PINEHURST, N.C. -- Dabo Swinney knows the landscape of South Carolina. The Clemson football coach knows the impoverished areas along the I-95 corridor. Swinney has visited the small towns in the Midlands and Upstate where industry has departed.
Swinney has recruited players from underprivileged backgrounds, prospects with shaky prep academic records, and witnessed them mature and flourish at the college level. He says those experiences of inclusiveness shaped his position against an academic reform proposal Monday at the Atlantic Coast Conference's media days.
Last week, Southeastern Conference commissioner Mike Slive proposed raising grade-point average requirements from 2.0 to 2.5 in 16 core high school classes for prospective student-athletes. It is an idea Swinney and a faction of other ACC coaches are against.
"I think that is crazy," Swinney said. "I have a real problem with that. To me, it is attacking a certain group: rural kids, kids at certain schools that don't have certain advantages that others do."
The issue is especially significant for Swinney, since South Carolina has some of the lowest performing public school systems in the country. The state's graduation rate has hovered around the bottom of the national rankings in recent years, and its grading scale can suppress grade-point averages.
Poor academic resumes already play a role in preventing some in-state players from attending schools like Clemson or South Carolina. New academic standards would further reduce the number of in-state players who qualify.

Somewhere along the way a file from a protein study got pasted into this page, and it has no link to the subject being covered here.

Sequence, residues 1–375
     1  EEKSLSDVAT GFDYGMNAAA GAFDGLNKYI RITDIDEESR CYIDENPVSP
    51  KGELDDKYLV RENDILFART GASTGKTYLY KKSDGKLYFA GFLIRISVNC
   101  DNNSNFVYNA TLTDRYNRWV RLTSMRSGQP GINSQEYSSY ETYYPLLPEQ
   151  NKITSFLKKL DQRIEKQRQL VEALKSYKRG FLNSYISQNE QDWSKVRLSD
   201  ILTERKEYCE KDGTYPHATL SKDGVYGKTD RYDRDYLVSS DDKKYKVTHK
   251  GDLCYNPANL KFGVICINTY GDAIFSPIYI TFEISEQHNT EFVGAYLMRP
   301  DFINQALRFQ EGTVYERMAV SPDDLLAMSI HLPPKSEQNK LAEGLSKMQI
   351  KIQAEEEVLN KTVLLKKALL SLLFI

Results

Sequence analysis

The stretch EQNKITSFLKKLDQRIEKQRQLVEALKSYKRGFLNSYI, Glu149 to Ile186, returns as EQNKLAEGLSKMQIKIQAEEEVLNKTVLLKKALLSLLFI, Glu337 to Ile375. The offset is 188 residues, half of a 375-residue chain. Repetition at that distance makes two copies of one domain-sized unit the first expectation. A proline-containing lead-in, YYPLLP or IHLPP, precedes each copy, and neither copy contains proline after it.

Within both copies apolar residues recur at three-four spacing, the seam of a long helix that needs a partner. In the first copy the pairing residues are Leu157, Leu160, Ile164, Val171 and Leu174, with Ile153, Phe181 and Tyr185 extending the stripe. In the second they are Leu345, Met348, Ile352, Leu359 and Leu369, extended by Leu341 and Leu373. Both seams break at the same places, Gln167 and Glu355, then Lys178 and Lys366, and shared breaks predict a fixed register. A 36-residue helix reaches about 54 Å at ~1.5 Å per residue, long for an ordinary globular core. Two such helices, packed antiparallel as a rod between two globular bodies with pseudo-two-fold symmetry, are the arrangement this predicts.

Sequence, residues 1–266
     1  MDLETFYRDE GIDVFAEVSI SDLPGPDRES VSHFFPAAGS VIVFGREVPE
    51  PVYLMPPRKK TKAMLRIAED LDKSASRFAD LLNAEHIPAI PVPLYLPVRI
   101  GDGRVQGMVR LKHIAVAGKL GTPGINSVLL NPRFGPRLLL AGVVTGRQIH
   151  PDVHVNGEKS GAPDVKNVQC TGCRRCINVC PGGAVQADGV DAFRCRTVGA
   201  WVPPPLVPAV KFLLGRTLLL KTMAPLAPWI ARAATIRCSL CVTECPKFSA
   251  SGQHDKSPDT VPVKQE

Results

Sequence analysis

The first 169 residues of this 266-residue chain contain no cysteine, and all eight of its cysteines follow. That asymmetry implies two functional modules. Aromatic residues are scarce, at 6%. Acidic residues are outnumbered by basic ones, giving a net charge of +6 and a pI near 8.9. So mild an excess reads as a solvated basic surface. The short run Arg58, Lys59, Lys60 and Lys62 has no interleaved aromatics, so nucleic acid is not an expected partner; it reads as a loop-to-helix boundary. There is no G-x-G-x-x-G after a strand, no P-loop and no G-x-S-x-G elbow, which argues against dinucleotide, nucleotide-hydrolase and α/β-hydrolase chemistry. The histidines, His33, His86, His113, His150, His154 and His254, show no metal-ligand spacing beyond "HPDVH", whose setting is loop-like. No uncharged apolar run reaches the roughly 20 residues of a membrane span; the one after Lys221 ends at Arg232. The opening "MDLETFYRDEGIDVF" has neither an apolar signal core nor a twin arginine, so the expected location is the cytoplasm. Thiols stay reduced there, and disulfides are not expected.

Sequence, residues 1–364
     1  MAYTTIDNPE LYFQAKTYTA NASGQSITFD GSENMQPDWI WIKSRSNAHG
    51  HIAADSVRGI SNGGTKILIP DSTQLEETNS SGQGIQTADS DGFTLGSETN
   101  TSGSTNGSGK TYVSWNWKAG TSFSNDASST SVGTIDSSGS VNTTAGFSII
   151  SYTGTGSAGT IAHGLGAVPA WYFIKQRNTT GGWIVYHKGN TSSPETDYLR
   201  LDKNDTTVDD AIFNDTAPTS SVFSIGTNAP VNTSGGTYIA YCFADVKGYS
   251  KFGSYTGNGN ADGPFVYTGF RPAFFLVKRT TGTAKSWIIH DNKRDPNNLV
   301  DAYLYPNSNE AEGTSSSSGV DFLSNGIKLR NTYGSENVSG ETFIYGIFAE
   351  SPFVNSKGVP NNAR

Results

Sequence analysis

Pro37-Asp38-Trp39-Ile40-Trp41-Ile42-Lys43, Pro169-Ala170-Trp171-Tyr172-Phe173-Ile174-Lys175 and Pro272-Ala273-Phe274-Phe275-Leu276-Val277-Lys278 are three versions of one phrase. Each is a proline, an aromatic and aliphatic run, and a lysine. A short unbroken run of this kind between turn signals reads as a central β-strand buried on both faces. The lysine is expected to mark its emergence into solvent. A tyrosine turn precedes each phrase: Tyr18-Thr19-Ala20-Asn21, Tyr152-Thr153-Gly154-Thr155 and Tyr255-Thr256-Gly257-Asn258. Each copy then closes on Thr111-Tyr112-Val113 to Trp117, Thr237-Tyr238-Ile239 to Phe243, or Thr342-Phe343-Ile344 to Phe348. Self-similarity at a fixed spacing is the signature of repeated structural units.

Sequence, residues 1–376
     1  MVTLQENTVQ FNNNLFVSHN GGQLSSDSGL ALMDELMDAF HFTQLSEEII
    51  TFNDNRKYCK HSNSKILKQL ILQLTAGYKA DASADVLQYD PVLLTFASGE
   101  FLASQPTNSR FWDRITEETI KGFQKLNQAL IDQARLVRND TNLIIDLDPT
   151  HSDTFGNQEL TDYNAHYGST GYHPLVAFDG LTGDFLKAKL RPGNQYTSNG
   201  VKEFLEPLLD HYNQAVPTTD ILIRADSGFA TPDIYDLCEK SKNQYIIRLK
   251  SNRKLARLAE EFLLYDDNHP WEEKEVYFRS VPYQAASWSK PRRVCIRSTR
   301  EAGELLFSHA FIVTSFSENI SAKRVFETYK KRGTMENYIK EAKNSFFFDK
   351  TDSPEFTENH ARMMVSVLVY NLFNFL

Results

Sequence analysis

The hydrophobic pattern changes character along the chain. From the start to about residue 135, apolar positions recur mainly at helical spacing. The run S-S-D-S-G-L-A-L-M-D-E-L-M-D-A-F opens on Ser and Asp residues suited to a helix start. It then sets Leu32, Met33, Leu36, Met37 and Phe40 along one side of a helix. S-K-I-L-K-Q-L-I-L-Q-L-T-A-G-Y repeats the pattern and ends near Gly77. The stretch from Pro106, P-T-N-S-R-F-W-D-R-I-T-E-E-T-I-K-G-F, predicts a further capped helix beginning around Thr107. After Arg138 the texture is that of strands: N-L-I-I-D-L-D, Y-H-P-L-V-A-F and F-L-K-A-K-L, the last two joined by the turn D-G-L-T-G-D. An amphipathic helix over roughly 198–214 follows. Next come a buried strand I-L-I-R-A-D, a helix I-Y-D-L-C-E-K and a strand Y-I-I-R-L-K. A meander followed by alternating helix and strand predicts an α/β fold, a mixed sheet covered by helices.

"We are not at the top of the list in education," Swinney said. "We are at the top of the list in unemployment. Yet, we have a grading scale that is as tough as there is in the country. ... 93-100 percent is an A. Heck, I made a lot of 90s that are As. The problem is there are a lot of young men that are ineligible (in South Carolina) that would be eligible if they lived in another state."
Swinney does not know the specific number of the Division I-caliber football players who fail to qualify each year in South Carolina, but he believes the count is significant.
What effect would a 2.5 GPA requirement have on Swinney's 2011 roster?
"I'd have to go look, but I would think it would impact a lot of kids across the board at a lot of schools, and that's a shame," Swinney said. "Guys get motivated and come to college and do extremely well, and now they are off as good husbands and good fathers. (With increased standards) they would lose opportunities."
Swinney believes schools should have freedom in accepting prospects and then be held accountable for their academic progress through APR and other metrics.
Florida State coach Jimbo Fisher said it "makes no sense" to raise academic standards at a time when tax bases are shrinking and educational funding is being cut at the K-12 level.
At ACC media days, N.C. State coach Tom O'Brien said he is also against increased academic standards.
"I'm not a big guy on the NCAA legislating (who can attend college)," O'Brien said. "I think individual schools have a better ability to decide if kids can graduate from their schools. Schools should make the decisions."
Other coaches, including Boston College's Frank Spaziani and Randy Edsall at Maryland, back the idea of increased academic requirements.
"I'm all for making sure young men can come in and graduate," Edsall said. "For most players, your career is going to be over the day you get out of college football. The thing they need is that degree.
"Some people fail to recognize that."
As for other reform ideas, Swinney was against the proposal for multi-year scholarship agreements.
"I've never been a guy that is running people off," Swinney said. "There is no buyer's remorse. ... If he's a good citizen, if he goes to class and he's just not as good as we want him to be, well, that's our fault."
As for stipends, Swinney is concerned enhanced financial aid packages could favor schools in areas where the cost of living is higher.
"I think if you are going to do something for the players, and I'm all for that, there should be an across-the-board type of stipend," Swinney said. "It has to be equitable."